Hystrix pumila 

Scope: Global
Language: English

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Taxonomy [top]

Kingdom Phylum Class Order Family
Animalia Chordata Mammalia Rodentia Hystricidae

Scientific Name: Hystrix pumila (Günther, 1879)
Common Name(s):
English Phillipine Porcupine, Indonesian Porcupine, Palawan Porcupine

Assessment Information [top]

Red List Category & Criteria: Vulnerable A3bcd ver 3.1
Year Published: 2018
Date Assessed: 2017-06-13
Assessor(s): Clayton, E.
Reviewer(s): Amori, G.
Facilitator/Compiler(s): Kennerley, R.
The Philippine Porcupine is assessed as Vulnerable as it is suspected that the population will undergo a decline of more than 30% within the next three generations (22 years), based on rate of forest loss, and numbers collected for the pet and bushmeat trade as confirmed by recent research into local declines in Palawan (P. and I. Widmann pers. comm).
Previously published Red List assessments:

Geographic Range [top]

Range Description:The species is endemic to the Philippines being restricted to the Palawan Faunal Region (Heaney et al. 1998). It has been recorded from Palawan, and Busuanga islands. It occurs from sea level up to several hundred meters or more (Heaney et al. 2010).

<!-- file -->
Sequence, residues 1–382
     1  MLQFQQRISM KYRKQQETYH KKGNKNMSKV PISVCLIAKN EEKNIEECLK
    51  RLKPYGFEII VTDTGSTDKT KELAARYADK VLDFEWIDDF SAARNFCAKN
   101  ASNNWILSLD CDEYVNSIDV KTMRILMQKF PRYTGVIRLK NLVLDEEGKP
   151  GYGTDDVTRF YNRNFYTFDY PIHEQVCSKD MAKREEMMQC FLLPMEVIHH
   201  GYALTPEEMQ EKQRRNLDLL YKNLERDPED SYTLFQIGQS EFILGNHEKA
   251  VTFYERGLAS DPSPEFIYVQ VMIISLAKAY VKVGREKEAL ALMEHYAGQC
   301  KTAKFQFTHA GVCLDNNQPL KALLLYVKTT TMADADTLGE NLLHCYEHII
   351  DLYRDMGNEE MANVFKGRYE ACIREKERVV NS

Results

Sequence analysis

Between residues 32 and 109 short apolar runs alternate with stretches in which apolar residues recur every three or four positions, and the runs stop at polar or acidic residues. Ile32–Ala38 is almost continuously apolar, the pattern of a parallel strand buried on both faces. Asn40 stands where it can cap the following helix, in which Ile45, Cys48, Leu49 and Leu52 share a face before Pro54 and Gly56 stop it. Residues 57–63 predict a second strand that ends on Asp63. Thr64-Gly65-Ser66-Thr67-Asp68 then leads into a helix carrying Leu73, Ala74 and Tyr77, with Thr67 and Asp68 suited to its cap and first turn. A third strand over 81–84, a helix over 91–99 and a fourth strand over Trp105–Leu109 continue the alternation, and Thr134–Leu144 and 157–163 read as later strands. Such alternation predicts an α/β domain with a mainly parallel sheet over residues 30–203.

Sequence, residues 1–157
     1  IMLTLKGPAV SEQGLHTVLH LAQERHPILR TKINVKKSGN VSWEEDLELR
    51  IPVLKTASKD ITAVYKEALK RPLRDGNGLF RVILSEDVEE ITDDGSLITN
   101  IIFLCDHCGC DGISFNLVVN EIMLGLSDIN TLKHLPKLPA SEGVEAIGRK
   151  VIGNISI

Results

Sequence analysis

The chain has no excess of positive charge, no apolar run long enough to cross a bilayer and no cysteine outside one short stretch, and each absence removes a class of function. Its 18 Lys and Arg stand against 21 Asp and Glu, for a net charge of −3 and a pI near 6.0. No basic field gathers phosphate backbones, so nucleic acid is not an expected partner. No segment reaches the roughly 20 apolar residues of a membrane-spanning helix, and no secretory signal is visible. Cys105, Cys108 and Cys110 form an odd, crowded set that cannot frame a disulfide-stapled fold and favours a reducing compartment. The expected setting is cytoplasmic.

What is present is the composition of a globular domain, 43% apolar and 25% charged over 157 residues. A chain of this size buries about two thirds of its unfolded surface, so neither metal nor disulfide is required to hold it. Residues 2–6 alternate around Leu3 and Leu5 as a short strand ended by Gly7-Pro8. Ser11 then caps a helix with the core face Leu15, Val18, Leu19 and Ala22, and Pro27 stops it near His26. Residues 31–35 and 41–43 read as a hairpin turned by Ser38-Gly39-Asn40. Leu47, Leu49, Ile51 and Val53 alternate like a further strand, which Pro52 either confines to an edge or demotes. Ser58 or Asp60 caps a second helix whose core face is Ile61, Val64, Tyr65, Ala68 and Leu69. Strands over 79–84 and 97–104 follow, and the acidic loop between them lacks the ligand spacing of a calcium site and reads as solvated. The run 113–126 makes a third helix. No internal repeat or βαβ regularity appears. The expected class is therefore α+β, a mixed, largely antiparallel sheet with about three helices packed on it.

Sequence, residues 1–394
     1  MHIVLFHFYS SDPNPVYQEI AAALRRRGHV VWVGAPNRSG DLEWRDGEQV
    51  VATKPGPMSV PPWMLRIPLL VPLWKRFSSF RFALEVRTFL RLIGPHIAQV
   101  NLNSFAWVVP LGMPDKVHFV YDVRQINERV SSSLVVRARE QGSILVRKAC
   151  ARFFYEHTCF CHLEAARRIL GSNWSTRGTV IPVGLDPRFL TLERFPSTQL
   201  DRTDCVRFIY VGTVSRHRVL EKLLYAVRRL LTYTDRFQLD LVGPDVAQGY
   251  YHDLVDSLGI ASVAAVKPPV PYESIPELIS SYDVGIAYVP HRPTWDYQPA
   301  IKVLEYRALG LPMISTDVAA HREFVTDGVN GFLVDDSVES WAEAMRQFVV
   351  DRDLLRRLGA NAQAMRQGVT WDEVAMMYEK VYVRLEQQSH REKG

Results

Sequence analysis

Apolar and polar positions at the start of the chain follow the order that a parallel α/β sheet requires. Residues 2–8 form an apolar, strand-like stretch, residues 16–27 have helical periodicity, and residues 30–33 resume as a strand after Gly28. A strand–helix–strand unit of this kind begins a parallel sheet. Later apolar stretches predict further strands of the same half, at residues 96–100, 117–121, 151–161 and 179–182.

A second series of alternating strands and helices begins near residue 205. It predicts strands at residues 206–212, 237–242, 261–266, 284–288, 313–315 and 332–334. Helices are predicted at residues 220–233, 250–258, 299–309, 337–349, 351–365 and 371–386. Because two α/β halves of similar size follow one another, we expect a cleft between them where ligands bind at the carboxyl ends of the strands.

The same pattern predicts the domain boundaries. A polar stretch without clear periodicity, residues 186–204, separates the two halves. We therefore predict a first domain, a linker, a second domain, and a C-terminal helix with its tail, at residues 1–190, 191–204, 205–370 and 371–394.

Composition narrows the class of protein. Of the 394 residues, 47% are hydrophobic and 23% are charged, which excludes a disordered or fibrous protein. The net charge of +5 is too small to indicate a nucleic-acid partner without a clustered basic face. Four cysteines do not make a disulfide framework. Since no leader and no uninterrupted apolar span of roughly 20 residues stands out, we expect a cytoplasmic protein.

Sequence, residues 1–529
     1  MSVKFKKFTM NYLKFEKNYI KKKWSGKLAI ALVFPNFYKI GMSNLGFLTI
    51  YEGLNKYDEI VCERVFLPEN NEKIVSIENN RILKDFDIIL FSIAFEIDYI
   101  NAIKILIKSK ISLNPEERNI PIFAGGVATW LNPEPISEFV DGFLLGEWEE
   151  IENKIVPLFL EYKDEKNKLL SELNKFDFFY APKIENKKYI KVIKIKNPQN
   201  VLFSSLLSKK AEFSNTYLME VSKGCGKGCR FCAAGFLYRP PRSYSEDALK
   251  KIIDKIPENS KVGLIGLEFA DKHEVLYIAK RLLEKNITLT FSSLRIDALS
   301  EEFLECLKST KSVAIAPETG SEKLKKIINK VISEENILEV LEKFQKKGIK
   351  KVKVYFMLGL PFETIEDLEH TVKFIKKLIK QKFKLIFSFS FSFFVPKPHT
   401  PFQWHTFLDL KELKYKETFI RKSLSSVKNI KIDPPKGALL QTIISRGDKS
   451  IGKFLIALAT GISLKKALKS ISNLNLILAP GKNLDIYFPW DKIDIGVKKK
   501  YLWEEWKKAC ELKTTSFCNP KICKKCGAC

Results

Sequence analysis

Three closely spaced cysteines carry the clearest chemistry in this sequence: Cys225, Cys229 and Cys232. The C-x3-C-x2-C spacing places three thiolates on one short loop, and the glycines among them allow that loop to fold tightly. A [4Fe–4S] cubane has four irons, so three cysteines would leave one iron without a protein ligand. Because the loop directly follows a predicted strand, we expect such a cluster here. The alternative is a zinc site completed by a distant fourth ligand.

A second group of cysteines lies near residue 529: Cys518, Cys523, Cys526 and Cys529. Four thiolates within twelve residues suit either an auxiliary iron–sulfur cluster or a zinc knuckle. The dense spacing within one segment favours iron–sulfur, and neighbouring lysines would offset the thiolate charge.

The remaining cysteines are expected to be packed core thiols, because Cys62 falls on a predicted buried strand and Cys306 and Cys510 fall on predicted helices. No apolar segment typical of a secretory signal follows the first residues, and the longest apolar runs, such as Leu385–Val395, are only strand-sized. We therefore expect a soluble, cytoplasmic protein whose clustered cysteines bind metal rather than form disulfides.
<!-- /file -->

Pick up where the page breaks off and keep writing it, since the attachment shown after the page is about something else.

Countries occurrence:
Additional data:
Range Map:Click here to open the map viewer and explore range.

Population [top]

Population:It can be a locally common species, but populations are decreasing rapidly in many areas. Interviews with local hunters have confirmed these declines (I. Widmann pers. comm. 2008). A camera-trap study found it to be common in Cleopatra's Needle Forest Reserve (Marler et al. 2015).
Current Population Trend:Decreasing
Additional data:
Population severely fragmented:No

Habitat and Ecology [top]

Habitat and Ecology:It is found in heavily disturbed secondary forest and grassland mosaic, and in lowland secondary and primary forest (Heaney et al. 2010). It is nocturnal and forages mainly on the ground, on plants (Heaney et al. 2010).
Generation Length (years):7.4

Threats [top]

Major Threat(s): The species is affected by forest clearance and it is hunted for food. It is an important game species for some ethnic communities (Esselstyn et al. 2004). It is also traded nationally as a pet, for private collectors in the Philippines and also occasionally within Palawan, but it is unlikely that it enters the wildlife trade in larger numbers (I. Widmann pers. comm. 2008).

Conservation Actions [top]

Conservation Actions: The species occurs in some protected areas including the Puerto Princesa Subterranean River National Park (Mallari et al. 2013). It is also one of the focal species monitored by wildlife wardens to record the extent of hunting in the Culasian Managed Resources Protected Area in Rizal (southern Palawan) and in Omoi Cockatoo Reserve in Dumaran (I. Widmann pers. comm).

Citation: Clayton, E. 2018. Hystrix pumila. The IUCN Red List of Threatened Species 2018: e.T10753A22231557. . Downloaded on 21 September 2018.
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